Below are some examples of notable birth injury verdicts and settlements. Each individual lawsuit will have different results, based on the specifics of the case.

Julien Flores (Evanston, Illinois) – $50.3 Million Verdict

In a favorable verdict for the plaintiffs, the Flores family was awarded more than $50 million in their case against Evanston Hospital. Aimee and David Flores filed the lawsuit on behalf of their son Julien, who was diagnosed with cerebral palsy after hospital staff failed to notice signs of fetal distress. After waiting for several hours, the medical personnel finally performed a c-section. However, at that point it was too late, and infant Julien was born blue and lifeless. The health care providers were able to revive him, but irreparable harm to his brain had already been done. The birth injury verdict included $1.3 million for pain and suffering, $8.5 million for emotional distress, $12 million for future treatment costs, $3 million for loss of future income, and $20 million for the loss of a future normal life.

Noah Whitney (Honolulu, Hawaii) – $9 Million Settlement

The son of Coast Guardsman Richard Whitney and Laura Whitney was born at Tripler Army Medical Center in Honolulu. At week 35 of her pregnancy, Laura was rushed to the military hospital after experiencing severe pains, a common symptom of uterine rupture. However, the medical personnel did not respond properly and waited too long to perform a c-section. As a result, Noah suffered a catastrophic brain injury resulting in cerebral palsy. The Whitney family received a $9 million birth injury settlement from the federal government after filing a lawsuit. The settlement was initially rejected by the Department of Justice, but a federal later approved the full amount.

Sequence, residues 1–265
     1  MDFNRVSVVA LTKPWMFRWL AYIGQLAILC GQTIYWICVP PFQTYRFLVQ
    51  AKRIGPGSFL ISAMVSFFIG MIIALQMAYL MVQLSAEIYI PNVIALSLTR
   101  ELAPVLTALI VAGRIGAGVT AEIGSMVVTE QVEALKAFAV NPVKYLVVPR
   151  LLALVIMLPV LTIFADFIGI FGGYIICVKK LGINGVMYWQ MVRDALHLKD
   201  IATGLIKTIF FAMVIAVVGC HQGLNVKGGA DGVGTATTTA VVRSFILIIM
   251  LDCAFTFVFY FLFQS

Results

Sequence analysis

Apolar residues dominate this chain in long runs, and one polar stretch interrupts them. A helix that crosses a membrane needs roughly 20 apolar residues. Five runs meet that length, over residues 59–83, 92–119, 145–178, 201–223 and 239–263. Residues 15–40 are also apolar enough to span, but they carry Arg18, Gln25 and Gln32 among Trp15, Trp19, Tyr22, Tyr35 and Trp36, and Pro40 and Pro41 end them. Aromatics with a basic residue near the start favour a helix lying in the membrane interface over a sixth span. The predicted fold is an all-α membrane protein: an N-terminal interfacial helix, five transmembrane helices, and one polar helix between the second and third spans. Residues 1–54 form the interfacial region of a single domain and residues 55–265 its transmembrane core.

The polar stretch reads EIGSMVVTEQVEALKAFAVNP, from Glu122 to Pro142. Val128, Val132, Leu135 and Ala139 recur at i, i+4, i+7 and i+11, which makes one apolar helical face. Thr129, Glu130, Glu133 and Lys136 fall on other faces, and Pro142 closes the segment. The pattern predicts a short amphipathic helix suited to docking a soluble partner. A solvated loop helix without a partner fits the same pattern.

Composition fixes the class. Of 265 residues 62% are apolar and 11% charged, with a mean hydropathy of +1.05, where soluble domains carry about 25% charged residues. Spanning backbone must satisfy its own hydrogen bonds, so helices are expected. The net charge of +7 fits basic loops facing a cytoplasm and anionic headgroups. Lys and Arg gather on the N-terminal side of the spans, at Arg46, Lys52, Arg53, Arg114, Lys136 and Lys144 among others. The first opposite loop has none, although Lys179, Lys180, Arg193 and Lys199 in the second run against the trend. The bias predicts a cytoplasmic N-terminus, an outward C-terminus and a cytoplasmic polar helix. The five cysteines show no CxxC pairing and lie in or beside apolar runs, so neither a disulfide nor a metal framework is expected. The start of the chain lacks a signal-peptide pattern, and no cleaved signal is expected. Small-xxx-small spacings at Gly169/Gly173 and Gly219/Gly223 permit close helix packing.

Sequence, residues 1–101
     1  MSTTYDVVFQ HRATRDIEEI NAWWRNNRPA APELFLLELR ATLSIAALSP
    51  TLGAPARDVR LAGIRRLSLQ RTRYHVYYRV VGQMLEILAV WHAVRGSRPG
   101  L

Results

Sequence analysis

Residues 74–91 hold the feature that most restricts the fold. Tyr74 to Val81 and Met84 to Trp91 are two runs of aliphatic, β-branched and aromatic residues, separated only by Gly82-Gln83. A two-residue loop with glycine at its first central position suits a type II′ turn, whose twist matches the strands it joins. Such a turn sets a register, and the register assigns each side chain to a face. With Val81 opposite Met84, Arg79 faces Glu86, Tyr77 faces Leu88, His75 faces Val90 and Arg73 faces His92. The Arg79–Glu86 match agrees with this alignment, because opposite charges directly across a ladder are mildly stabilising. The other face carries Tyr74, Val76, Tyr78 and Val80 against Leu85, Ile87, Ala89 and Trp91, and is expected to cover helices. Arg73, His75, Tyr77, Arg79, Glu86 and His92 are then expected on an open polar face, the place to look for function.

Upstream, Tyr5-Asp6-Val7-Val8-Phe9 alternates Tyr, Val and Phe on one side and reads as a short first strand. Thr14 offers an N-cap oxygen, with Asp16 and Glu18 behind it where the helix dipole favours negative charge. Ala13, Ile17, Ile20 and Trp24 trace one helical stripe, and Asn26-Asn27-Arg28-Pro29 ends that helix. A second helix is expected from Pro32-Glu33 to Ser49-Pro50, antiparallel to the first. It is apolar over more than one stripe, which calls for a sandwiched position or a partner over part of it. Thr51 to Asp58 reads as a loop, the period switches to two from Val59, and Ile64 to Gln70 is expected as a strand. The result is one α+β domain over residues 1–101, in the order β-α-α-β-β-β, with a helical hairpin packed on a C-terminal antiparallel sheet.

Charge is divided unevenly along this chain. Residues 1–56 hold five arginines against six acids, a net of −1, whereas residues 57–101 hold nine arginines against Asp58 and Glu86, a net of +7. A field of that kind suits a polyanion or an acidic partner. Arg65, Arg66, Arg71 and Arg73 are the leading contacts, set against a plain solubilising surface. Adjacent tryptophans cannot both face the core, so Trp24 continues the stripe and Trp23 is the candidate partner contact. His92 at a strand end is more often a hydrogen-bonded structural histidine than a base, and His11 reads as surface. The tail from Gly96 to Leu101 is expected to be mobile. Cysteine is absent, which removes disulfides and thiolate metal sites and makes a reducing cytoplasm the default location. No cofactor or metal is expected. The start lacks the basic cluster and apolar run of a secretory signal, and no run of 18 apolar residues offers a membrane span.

Frequently Asked Questions About Birth Injury Lawyers and Lawsuits

Answers to some common questions about birth injury lawsuits are provided below.

How Much Does a Birth Injury Lawyer Cost?

For most cases, there is no upfront fee for the consultation. If the lawyer agrees to work on your case, they will offer a contingency agreement that means they will only get paid if they help you get money through a verdict or settlement.

Usually the lawyer’s fee will be a percentage of the total compensation. When consulting with a medical malpractice attorney, be sure to ask any questions you have about how it will affect your final amount.

Does My Family Meet the Birth Injury Lawsuit Criteria?

Because birth injuries can happen in a number of different ways, there is no broad set of criteria that will tell you if you are eligible to file a lawsuit. However, there are a few questions you can ask yourself:

  • Has your child been diagnosed with cerebral palsy, Klumpke’s palsy, or Erb’s palsy because of an injury during delivery?
  • Was the injury caused by the use of certain kinds of medical equipment or instruments, like forceps or a vacuum?
  • Did you receive a c-section, or did a doctor recommend a c-section during your labor?

If you are unsure whether you eligible, it is a good idea to talk with an experienced birth injury lawyer who can help you understand the merits of your case.

What Compensation Can a Birth Injury Attorney Help My Family Get?

No two cases are the same, and the amount of compensation for similar cases can vary widely in different states. That said, there are a number of common considerations that can be taken into account for the final amount:

  • How much pain and suffering did the child experience?
  • Is there any lasting emotional or psychological trauma?
  • What emergency or immediate treatment costs were imposed on the family?
  • Have the parents lost wages due to missing work or having to quit their job?
  • Will the child be disabled for life and need ongoing care?
  • What future complications could arise from the permanent disability?
  • Should doctors, hospitals, or others be punished for their negligence or medical malpractice?

In order to help you seek the most compensation possible, it is a good idea to keep track of all medical records, hospital bills, and insurance company statements. You should also retain copies of any emails, letters and other communications to and from your doctor’s office. Your lawyer will be able to gather additional evidence as well, such as witness depositions and expert witness testimony.

To get the birth injury compensation process started today, connect with a law firm that has the knowledge and ability to help.